No one likes to confess. Confessing means there was some wrong, some violation - perhaps a sin of some sort. It also means that there is some reason to take ownership of that wrong. It also means that the ownership of that wrong is communicated to some other. Confession is difficult because it makes vulnerable the confessor.
Sometimes confession is repugnant to people because sometimes confession is forced. It is the outcome of oppressive acts perpetrated by the powerful. Even if there is some genuine desire to draw out some genuine sense of contriteness, such an outcome cannot be forced. Forced confession, even if it is a true telling of the wrongs, is contrived contriteness.
Some people view confession like self-harm, like spiritual cutting. Why in the world would a person do that to themselves? Others view confession as some sort of exhibitionism - a desperate move for attention. And to be sure, there are some people who share their darkest secrets for these purposes, but these people are not actually confessing. There are a variety of things they may be doing, but confession, in these cases, is not one of them.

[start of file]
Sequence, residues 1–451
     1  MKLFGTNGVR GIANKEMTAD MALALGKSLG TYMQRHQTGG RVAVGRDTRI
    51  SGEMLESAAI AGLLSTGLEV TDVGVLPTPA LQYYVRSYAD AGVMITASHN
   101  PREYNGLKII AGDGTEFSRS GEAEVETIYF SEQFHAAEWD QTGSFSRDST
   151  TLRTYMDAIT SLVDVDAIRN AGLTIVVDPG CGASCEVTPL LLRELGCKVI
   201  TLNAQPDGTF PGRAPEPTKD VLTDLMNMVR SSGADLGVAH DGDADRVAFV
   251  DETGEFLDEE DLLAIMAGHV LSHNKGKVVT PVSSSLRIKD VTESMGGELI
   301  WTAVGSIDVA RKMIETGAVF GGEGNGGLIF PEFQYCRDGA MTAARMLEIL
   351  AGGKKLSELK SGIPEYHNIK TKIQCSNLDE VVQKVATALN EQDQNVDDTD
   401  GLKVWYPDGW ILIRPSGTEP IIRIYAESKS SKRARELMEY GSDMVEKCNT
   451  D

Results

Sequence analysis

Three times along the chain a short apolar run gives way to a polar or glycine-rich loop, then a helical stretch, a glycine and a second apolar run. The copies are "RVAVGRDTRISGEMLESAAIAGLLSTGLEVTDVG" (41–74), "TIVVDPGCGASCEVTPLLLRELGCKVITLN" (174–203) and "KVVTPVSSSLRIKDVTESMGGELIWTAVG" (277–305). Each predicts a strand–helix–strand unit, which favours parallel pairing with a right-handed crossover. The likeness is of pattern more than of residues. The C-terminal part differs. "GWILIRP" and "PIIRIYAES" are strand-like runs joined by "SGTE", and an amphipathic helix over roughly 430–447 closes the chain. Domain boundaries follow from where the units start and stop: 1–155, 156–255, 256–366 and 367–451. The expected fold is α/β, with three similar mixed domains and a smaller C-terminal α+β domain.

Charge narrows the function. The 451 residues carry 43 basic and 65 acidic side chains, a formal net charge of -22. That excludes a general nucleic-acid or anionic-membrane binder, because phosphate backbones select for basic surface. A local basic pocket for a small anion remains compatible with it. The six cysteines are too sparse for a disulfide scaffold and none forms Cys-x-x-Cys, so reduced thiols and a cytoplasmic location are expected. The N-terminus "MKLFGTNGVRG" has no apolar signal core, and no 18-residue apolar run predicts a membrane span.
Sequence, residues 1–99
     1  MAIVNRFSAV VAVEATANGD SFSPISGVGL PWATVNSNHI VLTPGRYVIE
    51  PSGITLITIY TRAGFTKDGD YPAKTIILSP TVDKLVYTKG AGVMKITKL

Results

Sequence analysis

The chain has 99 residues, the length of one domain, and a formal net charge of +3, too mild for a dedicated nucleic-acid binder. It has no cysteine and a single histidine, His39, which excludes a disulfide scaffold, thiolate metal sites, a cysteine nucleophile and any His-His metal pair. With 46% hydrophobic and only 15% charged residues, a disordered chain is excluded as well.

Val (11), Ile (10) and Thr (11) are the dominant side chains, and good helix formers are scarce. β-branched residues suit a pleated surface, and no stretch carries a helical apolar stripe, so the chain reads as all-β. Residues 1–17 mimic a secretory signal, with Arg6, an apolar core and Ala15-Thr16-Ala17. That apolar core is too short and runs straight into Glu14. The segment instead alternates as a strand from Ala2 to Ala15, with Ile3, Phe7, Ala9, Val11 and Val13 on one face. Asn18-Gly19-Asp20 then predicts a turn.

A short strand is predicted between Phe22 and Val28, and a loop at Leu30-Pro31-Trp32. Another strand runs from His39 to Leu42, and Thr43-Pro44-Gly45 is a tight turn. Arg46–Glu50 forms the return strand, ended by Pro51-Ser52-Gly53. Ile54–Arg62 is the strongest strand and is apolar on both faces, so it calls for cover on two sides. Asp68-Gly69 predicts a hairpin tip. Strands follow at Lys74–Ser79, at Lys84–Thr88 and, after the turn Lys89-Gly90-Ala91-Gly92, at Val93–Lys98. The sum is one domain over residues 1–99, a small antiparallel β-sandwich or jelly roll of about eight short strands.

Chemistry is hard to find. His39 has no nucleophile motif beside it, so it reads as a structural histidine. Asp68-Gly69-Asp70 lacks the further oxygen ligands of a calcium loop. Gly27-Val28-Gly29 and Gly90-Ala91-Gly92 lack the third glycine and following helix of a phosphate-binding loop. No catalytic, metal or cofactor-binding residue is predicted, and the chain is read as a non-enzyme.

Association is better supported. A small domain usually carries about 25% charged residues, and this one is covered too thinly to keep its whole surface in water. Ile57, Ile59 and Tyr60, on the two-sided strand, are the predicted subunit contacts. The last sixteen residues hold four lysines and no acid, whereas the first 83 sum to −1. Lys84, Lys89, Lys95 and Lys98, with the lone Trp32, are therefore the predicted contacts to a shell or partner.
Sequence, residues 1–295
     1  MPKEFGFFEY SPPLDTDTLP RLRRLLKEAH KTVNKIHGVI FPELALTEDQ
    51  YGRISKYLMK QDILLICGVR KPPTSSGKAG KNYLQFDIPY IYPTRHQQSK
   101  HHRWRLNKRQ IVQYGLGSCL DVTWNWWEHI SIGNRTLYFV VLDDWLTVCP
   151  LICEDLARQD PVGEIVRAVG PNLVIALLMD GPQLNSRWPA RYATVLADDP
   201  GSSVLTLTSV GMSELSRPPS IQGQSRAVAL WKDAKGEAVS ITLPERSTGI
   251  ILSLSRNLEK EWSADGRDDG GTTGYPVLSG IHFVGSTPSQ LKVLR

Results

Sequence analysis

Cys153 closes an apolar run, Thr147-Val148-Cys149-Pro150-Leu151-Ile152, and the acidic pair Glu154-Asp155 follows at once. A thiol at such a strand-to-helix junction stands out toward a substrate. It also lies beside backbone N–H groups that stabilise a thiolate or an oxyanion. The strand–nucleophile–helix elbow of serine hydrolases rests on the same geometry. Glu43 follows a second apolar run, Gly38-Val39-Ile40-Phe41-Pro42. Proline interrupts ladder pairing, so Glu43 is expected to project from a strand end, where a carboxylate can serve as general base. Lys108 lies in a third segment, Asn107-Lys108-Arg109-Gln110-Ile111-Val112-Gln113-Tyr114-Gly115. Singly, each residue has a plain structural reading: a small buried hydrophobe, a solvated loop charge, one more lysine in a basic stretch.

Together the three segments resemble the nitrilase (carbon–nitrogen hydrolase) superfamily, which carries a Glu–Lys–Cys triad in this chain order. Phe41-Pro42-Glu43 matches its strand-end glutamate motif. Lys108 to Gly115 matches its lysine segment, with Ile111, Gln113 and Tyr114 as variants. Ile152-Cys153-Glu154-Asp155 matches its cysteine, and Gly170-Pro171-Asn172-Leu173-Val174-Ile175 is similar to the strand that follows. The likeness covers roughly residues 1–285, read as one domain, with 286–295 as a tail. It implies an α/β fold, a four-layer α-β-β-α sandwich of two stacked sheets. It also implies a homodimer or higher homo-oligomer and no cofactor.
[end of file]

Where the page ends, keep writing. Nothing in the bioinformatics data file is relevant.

So, where is this "joy" in confession?
The joy in confession comes in the relief felt in taking a secret from inside and setting it on the outside, into a social context of you and another who loves you no matter what. Two can bear the weight of the sin more than one. When confession is a discipline, a common thing, the practice of the day or week, it loses its fearful anticipation of what bad thing might happen in confession and turns into the desired process that provides so much relief of holding in anything for too long.
When confession is a frequent discipline, it functions like other normal part of the day - exhaling, going to sleep, going to the bathroom, perhaps sneezing. In the discipline of confession, there is no sense to be made of waiting for some big infraction or for the minor infractions to accumulate to a critical mass. Daily confession is spiritual health like exercise is the body.